2002 Lb Rowe - C ode 22-02W page 1 Questions 1 to 25:...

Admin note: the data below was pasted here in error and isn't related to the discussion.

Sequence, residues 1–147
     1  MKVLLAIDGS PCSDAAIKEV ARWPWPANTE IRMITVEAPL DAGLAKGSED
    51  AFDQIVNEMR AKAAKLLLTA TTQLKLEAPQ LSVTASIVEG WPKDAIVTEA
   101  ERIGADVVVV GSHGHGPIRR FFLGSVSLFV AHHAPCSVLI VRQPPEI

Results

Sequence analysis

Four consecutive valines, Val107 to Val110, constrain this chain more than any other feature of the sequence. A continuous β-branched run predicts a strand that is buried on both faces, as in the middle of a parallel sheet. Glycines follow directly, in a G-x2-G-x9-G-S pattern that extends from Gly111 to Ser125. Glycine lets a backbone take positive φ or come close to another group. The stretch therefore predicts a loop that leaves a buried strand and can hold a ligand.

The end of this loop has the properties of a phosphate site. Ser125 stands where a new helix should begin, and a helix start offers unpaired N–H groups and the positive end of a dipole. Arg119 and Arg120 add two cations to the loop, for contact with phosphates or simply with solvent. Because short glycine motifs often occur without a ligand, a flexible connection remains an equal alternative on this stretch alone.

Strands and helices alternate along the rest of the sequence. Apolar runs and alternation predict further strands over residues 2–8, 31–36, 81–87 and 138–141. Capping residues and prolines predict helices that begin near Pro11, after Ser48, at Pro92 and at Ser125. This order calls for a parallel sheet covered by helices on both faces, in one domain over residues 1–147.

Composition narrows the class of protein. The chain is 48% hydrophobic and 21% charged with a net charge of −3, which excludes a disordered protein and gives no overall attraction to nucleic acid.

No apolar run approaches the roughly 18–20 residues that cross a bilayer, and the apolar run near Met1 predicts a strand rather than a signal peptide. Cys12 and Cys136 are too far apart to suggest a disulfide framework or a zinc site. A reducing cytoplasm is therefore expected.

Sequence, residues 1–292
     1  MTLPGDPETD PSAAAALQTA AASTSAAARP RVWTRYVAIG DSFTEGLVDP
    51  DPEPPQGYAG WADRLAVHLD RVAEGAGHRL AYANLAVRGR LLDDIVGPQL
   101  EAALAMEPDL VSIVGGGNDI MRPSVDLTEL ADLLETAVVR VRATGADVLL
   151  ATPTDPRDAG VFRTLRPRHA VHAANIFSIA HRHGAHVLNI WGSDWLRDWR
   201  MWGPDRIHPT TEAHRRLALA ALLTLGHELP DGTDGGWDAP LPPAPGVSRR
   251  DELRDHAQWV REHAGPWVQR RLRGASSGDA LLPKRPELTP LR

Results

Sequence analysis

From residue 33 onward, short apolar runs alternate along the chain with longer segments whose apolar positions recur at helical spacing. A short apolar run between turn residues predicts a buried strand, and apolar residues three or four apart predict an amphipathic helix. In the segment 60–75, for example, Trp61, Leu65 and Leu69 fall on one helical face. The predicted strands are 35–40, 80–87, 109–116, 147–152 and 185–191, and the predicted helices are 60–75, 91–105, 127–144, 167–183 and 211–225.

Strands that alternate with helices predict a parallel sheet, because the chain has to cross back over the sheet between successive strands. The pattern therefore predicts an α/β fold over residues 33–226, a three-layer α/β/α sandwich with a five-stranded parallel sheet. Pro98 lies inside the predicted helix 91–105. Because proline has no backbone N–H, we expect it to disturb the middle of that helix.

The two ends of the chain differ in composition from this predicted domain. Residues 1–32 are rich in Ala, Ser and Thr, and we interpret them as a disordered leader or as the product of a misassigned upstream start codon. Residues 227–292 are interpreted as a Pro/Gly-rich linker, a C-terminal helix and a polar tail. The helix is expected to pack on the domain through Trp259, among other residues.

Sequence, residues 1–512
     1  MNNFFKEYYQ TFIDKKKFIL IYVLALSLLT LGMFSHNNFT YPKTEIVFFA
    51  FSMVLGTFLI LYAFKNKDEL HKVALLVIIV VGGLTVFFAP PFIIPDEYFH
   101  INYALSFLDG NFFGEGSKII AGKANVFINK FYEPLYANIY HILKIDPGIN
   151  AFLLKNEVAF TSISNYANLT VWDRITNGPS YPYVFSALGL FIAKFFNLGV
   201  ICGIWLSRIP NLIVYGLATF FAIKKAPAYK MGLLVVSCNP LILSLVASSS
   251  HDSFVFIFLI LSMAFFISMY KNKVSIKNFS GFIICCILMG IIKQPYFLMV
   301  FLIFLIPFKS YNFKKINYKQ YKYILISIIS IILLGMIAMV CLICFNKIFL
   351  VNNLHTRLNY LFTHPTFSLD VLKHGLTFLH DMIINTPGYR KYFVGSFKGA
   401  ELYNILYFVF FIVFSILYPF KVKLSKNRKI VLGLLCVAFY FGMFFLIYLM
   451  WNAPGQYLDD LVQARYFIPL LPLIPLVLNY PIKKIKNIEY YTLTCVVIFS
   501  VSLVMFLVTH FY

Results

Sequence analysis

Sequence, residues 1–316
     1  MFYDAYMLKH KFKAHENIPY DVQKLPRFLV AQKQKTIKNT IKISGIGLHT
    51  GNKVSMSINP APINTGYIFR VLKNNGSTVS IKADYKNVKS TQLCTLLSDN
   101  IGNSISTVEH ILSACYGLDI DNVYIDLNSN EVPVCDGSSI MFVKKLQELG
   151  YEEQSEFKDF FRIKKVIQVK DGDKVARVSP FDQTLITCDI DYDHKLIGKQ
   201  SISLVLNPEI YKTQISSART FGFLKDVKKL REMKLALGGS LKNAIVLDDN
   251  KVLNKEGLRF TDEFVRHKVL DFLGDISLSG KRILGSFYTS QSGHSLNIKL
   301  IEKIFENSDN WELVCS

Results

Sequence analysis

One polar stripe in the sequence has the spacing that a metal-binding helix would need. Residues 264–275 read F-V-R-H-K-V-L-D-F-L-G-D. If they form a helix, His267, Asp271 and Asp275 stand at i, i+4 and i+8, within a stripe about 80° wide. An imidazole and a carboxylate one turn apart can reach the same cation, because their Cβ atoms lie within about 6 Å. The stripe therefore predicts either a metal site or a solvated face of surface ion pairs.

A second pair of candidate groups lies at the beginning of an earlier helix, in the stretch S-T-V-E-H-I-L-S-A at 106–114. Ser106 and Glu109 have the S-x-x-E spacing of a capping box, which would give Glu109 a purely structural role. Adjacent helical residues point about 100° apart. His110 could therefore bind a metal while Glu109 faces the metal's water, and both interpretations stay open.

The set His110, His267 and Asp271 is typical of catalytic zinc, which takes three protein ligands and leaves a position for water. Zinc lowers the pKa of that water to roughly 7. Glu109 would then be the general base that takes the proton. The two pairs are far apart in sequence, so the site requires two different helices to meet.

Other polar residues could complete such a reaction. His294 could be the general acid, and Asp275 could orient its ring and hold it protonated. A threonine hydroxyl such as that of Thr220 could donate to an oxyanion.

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Unformatted text preview: C ode 22-02W page 1 Questions 1 to 25: Laboratory Questions 1. Which statement about the scientific method is CORRECT? a. The correct sequence of steps is controlled observation, hypothesis, experiment or preliminary observation, and theory. b. In a good experiment data are collected for the purpose of proving the hypothesis. c. An experiment that is designed properly is performed once and includes one replicate. d. The method is linear and ends with establishing a theory. e. A well designed experiment will attempt to have no confounded effects. 2. In which of the following is the appearance of the larval stage profoundly different from that of the adult (that is, the larval stage is not a miniature version of the adult)? i. ii. iii. iv. v. a. b. c. d. e. 3. Aphids Grasshoppers Beetles Cockroaches Walkingsticks i only i and ii ii, iii, and v iii only iv and v Which statement best defines phenotypic plasticity? a. Several different genotypes produce several different phenotypes, depending on the environment the phenotype is growing in. b. Several genotypes produce a single phenotype, depending on the environment the genotypes are growing in. c. A single genotype is produced from a single phenotype, depending on where the phenotype is growing. d. A single phenotype can produce several different genotypes, depending on the environment the phenotype is growing in. e. Several different phenotypes are produced from a single genotype, depending on where the genotype is growing. 4. Genetic equilibrium is most likely to occur in populations when: a. b. c. d. e. the number of harmful mutations equals the number of beneficial mutations. migration occurs between populations. natural selection is acting on the population. there are fewer than 25 individuals in the population. individuals with a given trait mate only with individuals who possess the same trait. C ode 22-02W page 2 5. Which of the following is the best null hypothesis for the metal tolerance experiment that you conducted in class? a. The tillers from Sudbury, Cobalt and Manitoulin Island grow best in the control solution and poorest in the metal solutions. b. Root growth of tillers in metal solutions does not differ among Deschampsia populations. c. There is a difference between root growth in control solution and root growth in metal solutions for each Deschampsia population. d. There is no statistically significant difference in tolerance index among populations of Deschampsia. e. There is no statistically significant difference in mean root length of Deschampsia populations grown in metal solutions. 6. Which statement is FALSE? a. b. c. d. Flapping flight in birds conserves energy for birds that migrate over large distances. Many Ontario songbirds are directly affected by deforestation in the tropics. Vampire bats exhibit cooperative behaviour by sharing their blood meal with other vampire bats. The mammals of Canada and the U.S. are more closely related to the mammals of Europe than they are to the mammals of South America. e. When dinosaurs appeared 250 million years ago the dominant plants included ferns and cycads. 7. The data below were obtained from a BIO150 lab class. What is the frequency of the A allele? Sum of entire population (class) F5 offspring: AA: 8 a. b. c. d. e. 8. Aa: 13 aa: 4 21% 29% 32% 42% 58% Which of the following is least likely to be an adaptation to avoid being detected by predators? a. b. c. d. e. Wing colouration and pattern in butterflies that resemble flowers on which they feed. Shape of body in walkingsticks. Dark brown body colour in cockroaches. Curled “tail” in female leaf insects. Praying mantids moving very slowly over vegetation. C ode 22-02W 9. page 3 Below is a protein electrophoresis banding pattern for the MDH-2 (malate dehydrogenase) locus for 10 zebra mussels. The origin is indicated by the double line. What is the frequency of the slow allele? a. b. c. d. e. 0.1 0.2 0.3 0.4 0.6 10. Which of the following describes a taxis orientation behaviour? a. Bees respond to chemicals by flying in random directions. b. As humidity of the environment increases, the amount of time an animal remains at rest also increases. c. Fruit flies in a vial congregate near the top of the vial, turn the vial upside down and they all fly from the bottom to the top. d. Fish swim rapidly at warmer temperatures and slowly at colder temperatures. e. Lice on the human body travel in a straight line when environmental conditions are favourable; in unfavourable environments they turn until a favorable environmental zone is once again encountered. 11. Plants that exhibit phenotypic plasticity and are grown under sun and shade conditions develop certain characteristic traits. Which of the following is a characteristic trait that you would expect to find in shade plants (when compared with sun plants)? a. b. c. d. e. Longer internode length Shorter plant height Smaller leaf surface area Thicker leaf cross-section Petioles oriented to promote self-shading 12. Which statement is FALSE? a. A locus is a specific location on a chromosome where a gene is located. b. In malaria-infested regions of Africa heterozygous individuals that possess the sickle-cell trait have a better chance of survival than homozygous normal individuals. c. When calculating allele frequencies, 1 & p = q. d. An allele is an alternate form of a gene. e. Genetic drift has no influence on allele frequencies in large populations. C ode 22-02W page 4 13. Which statement is CORRECT? a. b. c. d. e. Calcium nitrate is added to hydroponic solutions to increase the toxicity of the metal salts in solution. Populations of Deschampsia growing in normal soils are composed entirely of one genotype. When the apical meristem of a Deschampsia root tip is removed the root will not grow. In Deschampsia, tolerance to copper also confers tolerance to other heavy metals, such as nickel. Tillers of Deschampsia from Manitoulin Island are expected to have zero root growth in the control solution. 14. As presented in the ROM tour, the evolution of silk production was an important adaptation in spiders. Which of the following is least likely to be a way in which spiders use silk? a. b. c. d. e. Create shelters. Ingested as a source of food. Protect eggs. Used by immature spiders to disperse to new habitats. Capture prey. 15. In protein electrophoresis, what are allozymes? a. b. c. d. e. Enzymes with multiple forms that are encoded from two or more loci. Enzymes that differ in mobility because of differences in alleles at two or more loci. Enzymes which consist of a single polypeptide chain. Enzymes that differ in mobility because of differences in alleles at a single gene locus. Enzymes which consist of two polypeptide chains. 16. A population of 200 diploid individuals is in Hardy-Weinberg equilibrium. The frequency of the dominant A allele is 40%. How many individuals are homozygous recessive? a. b. c. d. e. 96 72 36 32 16 C ode 22-02W page 5 17. The data below were obtained by a BIO150 class. Which statement about these data is CORRECT? Root lengths and computed tolerance indices Root length in Copper Root length in Control Tolerance index (%) “Unknown” 10 mm 56 mm 17.9 Sudbury 74 mm 60 mm 123.3 Cobalt 5 mm 40 mm 12.5 Manitoulin Island 8 mm 73 mm 11.0 Population Root length in N ickel Root length in Control Tolerance index (%) “Unknown” 73 mm 57 mm 128.1 Sudbury 72 mm 61 mm 118.0 Cobalt 64 mm 69 mm 92.7 Manitoulin Island 0 mm 74 mm 0 Population a. b. c. d. e. The “unknown” is from either Sudbury or Cobalt; more data are required to be certain. The “unknown” is from Sudbury. The “unknown” is from Cobalt. The “unknown” is from Manitoulin Island. Based on the data the place of origin of the“unknown” cannot be determined. 18. Which of the following have tubular sucking mouthparts? i. ii. iii. iv. v. a. b. c. d. e. Waterstriders Caterpillars Aphids Grasshoppers Cockroaches i, ii, and iv i and iii ii and iii ii, iv, and v iii and v C ode 22-02W page 6 19. Which statement best describes the orientation behaviours exhibited by sowbugs and pillbugs? a. b. c. d. e. Negative phototaxis and positive hygrokinesis Negative photokinesis and negative hygrotaxis. Positive phototaxis and positive hygrokinesis. Positive phototaxis and negative hygrokinesis. Positive photokinesis and negative hygrotaxis. 20. Which statement is FALSE? a. Palisade mesophyll cells are located directly beneath the upper epidermis in leaves. b. The BIO150 compound microscopes have controls to improve image contrast and regulate light intensity. c. The width of one ocular space is about 25 µm at magnifications of 4X, 10X, and 40X. d. Before absorbance of the chlorophyll extract is measured the spectrophotometer is calibrated by inserting a sample with methanol only and adjusting absorbance to zero. e. The Wavelength Control knob on a spectrophotometer is set to the peak wavelength for the substance being analyzed. 21. Populations of zebra mussels from Europe and North America have the same high genetic variability. What does this suggest about the number of individuals in the founder populations and the degree of genetic mixing between populations? a. b. c. d. e. The founder populations were large; frequent genetic mixing has occurred. The founder populations were large; genetic mixing has not occurred. The founder populations were small; genetic mixing has not occurred. The founder populations were small; frequent genetic mixing has occurred. North American populations went through a bottleneck after establishment; genetic mixing has not occurred. 22. Which statement is FALSE? a. Only mutations that occur in the cells that produce sperm and eggs can be transmitted to the next generation. b. Beneficial mutations are rare. c. Mutations occur during the process of DNA replication. d. Dominant lethal mutations can be passed on to the next generation by individuals that are heterozygous. e. Mutations that increase an individual’s fitness are favoured by natural selection. C ode 22-02W page 7 23. In the BIO150 protein electrophoresis experiment the observed heterozygosity for the MDH-2 (malate dehydrogenase) locus was: a. higher in quagga mussels than in zebra mussels. b. calculated by determining the frequency of heterozygous individuals. c. low in zebra mussels, suggesting that no genetic variation was lost when zebra mussels were transported to North America from Europe, where there is high heterozygosity. d. equal to the expected polymorphism. e. very high in both quagga and zebra mussels. 24. Which of the following provides evidence for a cost to metal tolerance? a. b. c. d. e. Roots from Sudbury tillers are shorter in the control solution than in the nickel solution. Roots from Cobalt tillers are longer in the control solution than in the nickel solution. Roots from Manitoulin Island tillers are shorter in the control solution than in metal solutions. In metal solutions, roots from Sudbury and Cobalt tillers are longer than Manitoulin Island tillers. In metal solutions, roots from Manitoulin Island tillers are longer than Sudbury and Cobalt tillers. 25. What characteristic distinguishes snakes from lizards that do not have legs? a. Snakes have tails and legless lizards do not. b. Poisonous snakes often mimic harmless snakes, whereas harmless legless lizards often mimic poisonous legless lizards. c. The lower jaw in snakes is fixed to the upper jaw, whereas in legless lizards they move independently of each other. d. Snake eggs have shells and are laid on land, while legless lizards lay shell-less eggs in water. e. Eyelids are absent in snakes and present in legless lizards. Questions 26 to 65: Lecture Questions 26. In evolutionary thinking, a conflict exists between parents and offspring over provisioning. This is because: a. b. c. d. e. the increase in current offspring fitness (gained by provisioning) is valued more by the parent. the increase in current offspring fitness (gained by provisioning) is valued less by the offspring. there are differences in parental investment into offspring. parents and offspring value future offspring/siblings equally due to genetic relatedness. parents and offspring value future offspring/siblings differently due to genetic relatedness. C ode 22-02W page 8 27. Which feature of a mutant allele, causing its bearer to behave altruistically, would prevent it from spreading in the population? a. b. c. d. e. It increases the spread of other alleles at the expense of its own spread. It increases its own spread at the expense of the spread of other alleles. It also causes that individual to direct its altruism toward genetic relatives. It tends to be found in groups where other individuals also carry copies of this mutant altruistic allele. It satisfies the conditions of Hamilton’s Rule. 28. Which process is NOT an aspect of sexual selection? a. b. c. d. e. Male choice Sperm competition Female choice Female anisogamy Sexual conflict 29. In which case is Hamilton’s Rule satisfied? a. b. c. d. e. b = 1, c = 1, R = 0.5 b = 2, c = 4, R = 1 b = 2, c = 1, R = 0.75 b = 2, c = 1, R = 0.25 b = 5, c = 5, R = 0.75 30. Which statement is most representative of an evolutionary biologist’s “ultimate” perspective? a. b. c. d. e. Female waterstriders resist mating because it decreases their survivorship. Longevity increases with body size. The ratio of “rovers” to “sitters” in fruitflies is 3:1 because there are two alleles involved.. Free radicals oxidize macromolecules and thereby cause aging. There is a genetic basis to infanticide. 31. Which of the following indicates that female Kentish Plovers (relative to males) tend to benefit from nest desertion? a. b. c. d. e. A relatively low time to re-mating in females. Relatively high brood survival when females deserted. Relatively low brood survival when males deserted. a and c b and c C ode 22-02W page 9 32. The example of the plant Impatiens capensis presented in lecture was an example of: a. b. c. d. e. kin selection. group selection. reciprocity. imprinting. genetic relatedness. 33. Given that the growth hormone Igf-2 imprints in mice, what offspring sizes would be expected if you made the following two crosses? Cross 1: Monogamous female x Polygamous male Cross 2: Polygamous female x Monogamous male Cross 1 Cross 2 a. Large Intermediate b. Small Intermediate c. Large Small d. Small Large e. None of the above 34. Which statement is NOT consistent with the hypothesis of evolution under group selection presented in class? a. Groups with many altruistic individuals have a greater contribution to future generations than groups with few altruistic individuals. b. Groups with many altruistic individuals ensure that the species as a whole survive. c. There can be a tension between the direction in which selection acts at the level of the group versus the level of the individual within each group. d. Natural selection favours those individuals within each group who are not altruistic. e. Some groups contain both altruistic and non-altruistic individuals. 35. The St. Peter’s Fish examples presented in lecture were an example of : a. b. c. d. e. parent-parent conflict. parent-offspring conflict. sex ratio evolution. a predation-foraging trade-off. reciprocity. C ode 22-02W page 10 36. As defined in lecture, horizontal transfer is a process whereby: a. b. c. d. e. genetic material is passed from parent to offspring. genetic material is passed from parent to parent. plasmids are passed from parent to offspring. a and c b and c 37. The study of genetic imprinting in mice presented in class can be described as an example of: i. differential expression of alleles depending upon their parent of origin. ii. meiotic drive. iii. male-female conflict. a. b. c. d. e. i only i and ii i and iii ii only iii only 38. Which statement is FALSE? a. b. c. d. e. Antibiotic resistance genes are transmitted horizontally. Pathogenicity genes are transmitted horizontally. HIV is a retrovirus. Antibiotic genes are sometimes found on plasmids. Antibiotic use enhances the spread of drug-resistant strains of HIV. 39. Paul Ewald’s hypothesis for the evolution of virulence that was presented in lecture argues that ________________________ should be more virulent than directly-transmitted parasites. a. b. c. d. e. mosquito-borne parasites water-borne parasites vector-borne parasites a, b, and c None of a, b, and c C ode 22-02W page 11 40. Which statement does NOT apply to the oral polio vaccine? a. b. c. d. e. It has been treated with formaldehyde. It was the origin of a recent polio outbreak. It is a virus. It is alive. It was cultured in monkey cells. 41. Trade-offs may underlie which of the following? i. ii. iii. iv. a. b. c. d. e. Evolution of longevity Age at maturity Foraging rate Evolution of virulence i and ii i, ii, and iii i, ii, and iv iii and iv i, ii, iii, and iv 42. In the experiment on Chickadees foraging on pine cones, the decision variable was: a. b. c. d. e. energy per unit time. growth per unit mortality risk. patch residence time. the trade-off between energy gain in one patch and the number of patches visited. travel time. 43. In the Sage Grouse and others species in which the males gather in leks, which statement is least likely to be true? a. b. c. d. e. Females gain good genes for their offspring. Mating exposes females to parasites. Females access feeding territories from males. Sexual dimorphism is common. Males make relatively low investment in offspring. C ode 22-02W page 12 44. For which values of R and C, in the payoff matrix below, is the payoff frequency dependent? Hawk Hawk R/2 & C R Dove a. b. c. d. e. Dove 0 R/2 R = 4, C = 1/4 R = 5, C = 1/5 R = 11, C = 5 R = 2, C = 1/3 None of the above. 45. The “best” possible currency to measure in an optimization model would be: a. b. c. d. e. fitness. patch residence time. the relevant trade-off. the mean difference among treatment values for the decision variable. energy gain. 46. Parent-parent conflict over offspring provisioning is NOT likely to occur when: a. b. c. d. e. investment in males is high relative to females. the mating system is monogamy. the typical sex roles are reversed. the offspring is female rather than male. a and b 47. Which of the following statements applies to the “rover/sitter” polymorphism in fruitflies? i. It is an example of dominance in gene effects. ii. It is an example of plasticity. iii. It is an example of a genetic basis to a behaviour. a. b. c. d. e. i only i, ii, and iii i and iii ii only iii only C ode 22-02W 48. Which of the following can be approached using an “optimization” approach? a. b. c. d. e. Patch residency time Habitat choice Degree of virulence a and c a, b, and c 49. Which habitat would be favoured for foraging? Habitat Grams of food obtained per day Expected longevity a. 1 10 b. 6 4 c. 3 2 d. 6 6 e. 10 2 50. The Tungara Frog study can be considered an example of: a. b. c. d. e. the role of trade-offs in determining the evolution of a sexually selected trait. plasticity. predator attraction. female choice. All of the above 51. Which of the following reaction norms is most likely to be favoured by natural selection? a. b. c. d. e. i ii iii i and ii equally Cannot tell with information provided page 13 C ode 22-02W page 14 52. Which scientist is most closely associated with the theory of parental investment? a. b. c. d. e. Robert Trivers Michael Rose George Williams Andy Sih Earl Werner 53. In the Starling experiment, an increase in distance between the nest and food patches is likely to lead to: a. b. c. d. e. a decrease in patch residence time. a decrease in the amount of food consumed in any one patch. an increase in the amount of food consumed in any one patch. All of the above. None of the above. 54. Male-male competition is least likely to occur: a. b. c. d. e. prior to copulation. after copulation. when females are limiting. when males contribute substantial resources to their mates. when females store sperm. 55. Which of the following cases involves a selection experiment? a. b. c. d. e. The “O” lines of fruitflies created by Michael Rose. The inactivated polio vaccine created by Jonas Salk. The oral polio vaccine created by Albert Sabine. a and b a and c 56. Which behaviour is associated with sperm competition? a. b. c. d. e. Mate guarding Duration of copulation Sperm removal a and c a, b, and c C ode 22-02W 57. In dungflies, the prediction from the marginal value theory was that: a. b. c. d. e. sperm removal would occur late in copulation. males would copulate for shorter periods when female density was higher. females would reject smaller males. females would preferentially store sperm of larger males. All of the above 58. Sexual conflict is associated with: a. b. c. d. e. different evolutionary interests of the sexes. sexual selection. anisogamy. differential investment in offspring between the sexes. All of the above 59. The three colour morphs in Side-blotched Lizards: a. b. c. d. e. have a genetic basis. are maintained by frequency-dependent selection. are alternative strategies. a and c a, b, and c 60. In the “good genes” theory of sexual selection: a. b. c. d. e. females expressing the preference benefit indirectly. females expressing the preference benefit directly. females expressing the preference receive resources from the male. females must mate with more than one male. females are not limited by resources. 61. The declining force of selection with increasing age offers an explanation for: a. b. c. d. e. the mutation accumulation theory of aging. menopause. Down’s Syndrome. senescence. All of the above page 15 C ode 22-02W page 16 62. Mate copying refers to: a. b. c. d. e. males and females preferring the same traits. the switch in sex roles that occurs when parental investment is greater in males than females. mate choices based on the choice of others. a and b a, b, and c 63. Which statement is least likely to be true? a. b. c. d. e. Senescence is caused by many genes. Senescence is caused by some insurmountable error (e.g., poor DNA repair). The rate of senescence can evolve. Senescence is common in the animal kingdom.. Senescence probably occurred in prehistoric humans. 64. Antagonistic pleiotropy may: a. b. c. d. e. reflect costs of reproduction. offer an explanation for aging. offer an explanation for the results of Rose’s experiments on fruitflies. b and c a, b, and c 65. The main trade-off involved in the parasite adaptation hypothesis is: a. b. c. d. e. increased parasite replication leads to higher virulence and higher transmission. increased parasite replication leads to lower virulence and higher transmission. increased parasite replication leads to decreased virulence and higher transmission. increased parasite replication leads to increased spread of antibiotic resistance. that high virulence is correlated with high host life-span. END OF TEST Have you indicated the code of this test on your COMPUTER ANSWER SHEET? The test code is 2 2 ...